Born in Dayton, Ohio, Tesina first started working as an intern for the Cherokee Phoenix after receiving the John Shurr Journalism Award in 2009. Later that year, Tesina received her bachelor’s degree in journalism from Ball State University in Muncie, Ind., and in 2010 joined the Phoenix staff as a reporter. In 2006, Tesina received an internship at The Forum newspaper in Fargo, N.D., after attending the American Indian Journalism Institute at the University of South Dakota. She also attended the AIJI summer program in 2007 and in 2009 she participated in the Native American Journalists Association student projects as a reporter. Tesina is currently a member of NAJA and the Investigative Reporters & Editors organization.

Education

BY WILL CHAVEZ
Senior Reporter
04/21/2015 08:13 AM
FAYETTEVILLE, Ark. – Cherokee Nation citizen and University of Arkansas senior Taylor Martin has been named to the Arkansas Alumni Association’s first class of “Seniors of Significance.” The 22-year-old from Tontitown was expected to receive a bachelor’s degree in computer engineering in May. She was among 71 graduating seniors, commemorating the university’s founding date of 1871, chosen from 400 nominees to receive the “Seniors of Significance” award. Each “Senior of Significance” received a special honor gold cord to wear during graduation. “I felt so honored to have even been nominated for this award, as many of my fellow students were just as qualified for it. I am so blessed to have received the award and it means the world to be able to represent our senior class with such an honor,” Martin said. The 71 students represent each Arkansas undergraduate academic college, 11 states and two countries. “These are exceptional seniors who combine academic achievement, leadership skills and substantial extracurricular campus and/or community activities,” stated a university press release. Martin said her experience at the university has been “incredible.” “My degree program has proved to be very demanding, but the community that I have been surrounded with through it all, faculty and students included, has made it so enjoyable,” she said. “I would have to say that the group of friends that I have made within my degree program has been one of the most memorable aspects of my time here at Arkansas. They have been there for me through thick and thin, and I wouldn't trade that for the world.” Her father, David Martin, said Taylor was the recipient of a CN scholarship for the past three years, which assisted her in covering the college expenses “she was 100 percent responsible for.” “The Cherokee Nation scholarship was a tremendous help for my college career. Between it and a university-sponsored scholarship, I was able to attend college and come out debt free, which is a blessing in itself,” she said. After graduation, she is expected to work for Wal-Mart’s Information Systems Division in Bentonville, where she said she would be part of an information technology program. Her father agreed with the words of Principal Chief Bill John Baker who recently wrote, “Our college scholarship recipients embody some of the most important values we hold as a tribe, including personal accountability and community and responsibility.” “I believe Taylor’s accomplishment demonstrates those values and understanding the necessity of a college education in order for one to realize a better quality of life and bright future for Cherokees,” David said.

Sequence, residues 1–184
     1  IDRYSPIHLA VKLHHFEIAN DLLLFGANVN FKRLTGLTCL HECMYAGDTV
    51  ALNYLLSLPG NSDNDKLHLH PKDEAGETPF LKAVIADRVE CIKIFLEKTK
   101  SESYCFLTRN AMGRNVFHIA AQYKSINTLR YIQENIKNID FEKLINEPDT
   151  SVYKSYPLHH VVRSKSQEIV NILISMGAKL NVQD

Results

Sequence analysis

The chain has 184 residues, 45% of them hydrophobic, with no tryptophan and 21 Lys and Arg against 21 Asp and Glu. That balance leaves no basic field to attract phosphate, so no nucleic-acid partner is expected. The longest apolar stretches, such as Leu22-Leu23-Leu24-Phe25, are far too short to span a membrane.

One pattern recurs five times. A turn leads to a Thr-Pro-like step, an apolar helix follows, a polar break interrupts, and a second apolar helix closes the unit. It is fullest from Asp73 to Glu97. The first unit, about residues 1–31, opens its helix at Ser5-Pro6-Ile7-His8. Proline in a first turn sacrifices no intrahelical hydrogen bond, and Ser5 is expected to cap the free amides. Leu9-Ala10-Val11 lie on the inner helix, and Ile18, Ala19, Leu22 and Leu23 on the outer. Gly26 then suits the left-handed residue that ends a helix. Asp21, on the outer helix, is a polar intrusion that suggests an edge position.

BY STAFF REPORTS
04/16/2015 04:00 PM